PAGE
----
Tucatinib in combination with trastuzumab and capecitabine was generally well tolerated. The most common adverse events occurring in more than 20 percent of patients in the tucatinib arm vs. the control arm included diarrhea, palmar-plantar erythrodysaesthesia syndrome (PPE), nausea, fatigue, and vomiting. Discontinuation of tucatinib and placebo due to adverse events was 5.7 percent in the tucatinib arm and 3.0 percent in the control arm. Greater than or equal to Grade 3 diarrhea was seen in 12.9 percent of the patients in the tucatinib arm vs. 8.6 percent in the control arm. Antidiarrheal prophylaxis was not required per protocol. Antidiarrheals were used in less than half of all cycles where diarrhea was reported. In both treatment arms, when used, the duration of antidiarrheal treatment was short (median of 3 days/cycle). Greater than or equal to Grade 3 aspartate aminotransferase (AST) was seen in 4.5 percent of the patients in the tucatinib arm vs. 0.5 percent in the control arm, and alanine aminotransferase (ALT) elevation in 5.4 percent vs. 0.5 percent, respectively. Discontinuations due to liver transaminase elevations were infrequent in both arms (ALT: 1.0 vs. 0.5 percent; AST: 0.7 vs. 0.5 percent).
About HER2-Positive Breast Cancer
Patients with HER2-positive breast cancer have tumors with high levels of a protein called human epidermal growth factor receptor 2 (HER2), which promotes the aggressive spread of cancer cells. An estimated 271,270 new cases of invasive breast cancer will be diagnosed in the U.S. in 2019.1 Between 15 and 20 percent of breast cancer cases worldwide are HER2-positive.2 Historically, HER2-positive breast cancer tends to be more aggressive and more likely to recur than HER2-negative breast cancer.2, 3, 4 In patients with metastatic breast cancer, the most common site of first metastasis is in bone, followed by lung, brain, and liver.5, 6 Up to 50 percent of metastatic HER2-positive breast cancer patients develop brain metastases over time.2, 7 Despite recent treatment advances, there is still a significant need for new therapies that can impact metastatic disease, especially brain metastases. There are currently no approved therapies demonstrating progression-free survival or overall survival benefit for the treatment of patients with HER2-positive metastatic breast cancer after progression on T-DM1.8, 9, 10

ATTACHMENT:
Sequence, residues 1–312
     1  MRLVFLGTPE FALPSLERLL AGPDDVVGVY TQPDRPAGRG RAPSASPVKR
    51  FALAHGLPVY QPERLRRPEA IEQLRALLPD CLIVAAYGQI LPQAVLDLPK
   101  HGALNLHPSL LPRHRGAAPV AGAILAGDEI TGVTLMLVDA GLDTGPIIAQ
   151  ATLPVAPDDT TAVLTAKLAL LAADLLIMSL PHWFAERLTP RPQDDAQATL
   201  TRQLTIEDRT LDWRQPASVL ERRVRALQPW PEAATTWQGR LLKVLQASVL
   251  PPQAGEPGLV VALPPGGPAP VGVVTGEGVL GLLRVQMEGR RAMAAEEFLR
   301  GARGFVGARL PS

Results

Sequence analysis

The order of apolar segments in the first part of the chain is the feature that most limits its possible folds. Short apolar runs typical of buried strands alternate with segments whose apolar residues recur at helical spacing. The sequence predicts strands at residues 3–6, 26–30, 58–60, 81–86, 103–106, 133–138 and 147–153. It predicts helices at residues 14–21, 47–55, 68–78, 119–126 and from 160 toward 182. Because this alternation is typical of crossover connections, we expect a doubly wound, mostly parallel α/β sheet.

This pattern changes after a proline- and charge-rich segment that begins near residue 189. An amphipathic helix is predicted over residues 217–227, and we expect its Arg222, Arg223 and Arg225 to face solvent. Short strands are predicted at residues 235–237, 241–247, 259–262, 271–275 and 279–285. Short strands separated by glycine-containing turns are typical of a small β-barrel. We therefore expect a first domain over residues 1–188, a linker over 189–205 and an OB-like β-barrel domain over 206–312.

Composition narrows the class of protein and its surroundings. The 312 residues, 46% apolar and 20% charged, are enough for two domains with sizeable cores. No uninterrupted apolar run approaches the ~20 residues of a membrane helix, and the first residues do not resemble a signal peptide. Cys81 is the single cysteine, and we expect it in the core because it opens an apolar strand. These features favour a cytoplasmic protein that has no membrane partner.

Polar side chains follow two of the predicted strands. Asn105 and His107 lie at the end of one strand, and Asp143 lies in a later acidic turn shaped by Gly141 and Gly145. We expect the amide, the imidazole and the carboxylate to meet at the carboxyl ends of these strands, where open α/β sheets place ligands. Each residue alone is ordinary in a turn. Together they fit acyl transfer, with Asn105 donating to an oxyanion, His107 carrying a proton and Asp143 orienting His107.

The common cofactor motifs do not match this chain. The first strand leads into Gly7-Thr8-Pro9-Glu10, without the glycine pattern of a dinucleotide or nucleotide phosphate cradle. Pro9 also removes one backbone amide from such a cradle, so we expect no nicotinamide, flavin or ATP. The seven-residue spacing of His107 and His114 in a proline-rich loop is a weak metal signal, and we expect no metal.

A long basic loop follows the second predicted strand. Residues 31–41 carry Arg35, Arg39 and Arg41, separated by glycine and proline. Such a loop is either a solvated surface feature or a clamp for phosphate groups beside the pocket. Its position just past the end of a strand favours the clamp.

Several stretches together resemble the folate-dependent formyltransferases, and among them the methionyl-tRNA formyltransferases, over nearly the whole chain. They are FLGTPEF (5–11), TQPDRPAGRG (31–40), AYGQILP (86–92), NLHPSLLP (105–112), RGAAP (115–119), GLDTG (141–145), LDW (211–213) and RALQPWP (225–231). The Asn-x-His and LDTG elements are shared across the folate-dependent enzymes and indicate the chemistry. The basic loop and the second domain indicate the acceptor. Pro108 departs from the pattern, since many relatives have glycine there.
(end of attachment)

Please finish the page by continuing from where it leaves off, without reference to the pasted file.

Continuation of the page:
HER2CLIMB is a multinational randomized (2:1), double-blind, placebo-controlled, active comparator, pivotal clinical trial comparing tucatinib in combination with trastuzumab and capecitabine compared with trastuzumab and capecitabine alone in patients with locally advanced unresectable or metastatic HER2-positive breast cancer who were previously treated with trastuzumab, pertuzumab and T-DM1. The primary endpoint of the trial was PFS per Response Evaluation Criteria in Solid Tumors (RECIST) v1.1 as determined by blinded independent central review (BICR) in the first 480 patients enrolled in the trial. HER2CLIMB enrolled a total of 612 patients to support the analyses of key secondary endpoints, including overall survival, PFS per BICR in patients with brain metastases at baseline and confirmed objective response rate. Safety data were evaluated throughout the study.
Tucatinib is an investigational, orally bioavailable, potent tyrosine kinase inhibitor that is highly selective for HER2 without significant inhibition of EGFR. Inhibition of EGFR has been associated with significant toxicities, including skin rash and diarrhea. Tucatinib has shown activity as a single agent and in combination with both chemotherapy and other HER2 targeted agents such as trastuzumab.1,2 Studies of tucatinib in these combinations have shown activity both systemically and in brain metastases. HER2 is a growth factor receptor that is overexpressed in multiple cancers, including breast, colorectal and gastric cancers. HER2 mediates cell growth, differentiation and survival. Tucatinib has been granted orphan drug designation by the FDA for the treatment of breast cancer patients with brain metastases.